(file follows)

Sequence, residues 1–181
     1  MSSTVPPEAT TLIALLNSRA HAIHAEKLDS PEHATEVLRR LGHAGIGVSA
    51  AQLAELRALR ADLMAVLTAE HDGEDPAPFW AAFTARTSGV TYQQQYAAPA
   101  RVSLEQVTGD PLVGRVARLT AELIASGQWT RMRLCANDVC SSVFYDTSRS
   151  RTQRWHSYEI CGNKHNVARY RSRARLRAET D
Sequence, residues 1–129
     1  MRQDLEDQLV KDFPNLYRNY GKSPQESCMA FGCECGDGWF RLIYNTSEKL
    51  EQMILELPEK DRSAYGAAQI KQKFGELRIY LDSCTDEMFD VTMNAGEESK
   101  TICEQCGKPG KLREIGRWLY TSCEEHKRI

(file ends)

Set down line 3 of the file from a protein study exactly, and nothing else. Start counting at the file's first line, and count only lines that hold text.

    51  AQLAELRALR ADLMAVLTAE HDGEDPAPFW AAFTARTSGV TYQQQYAAPA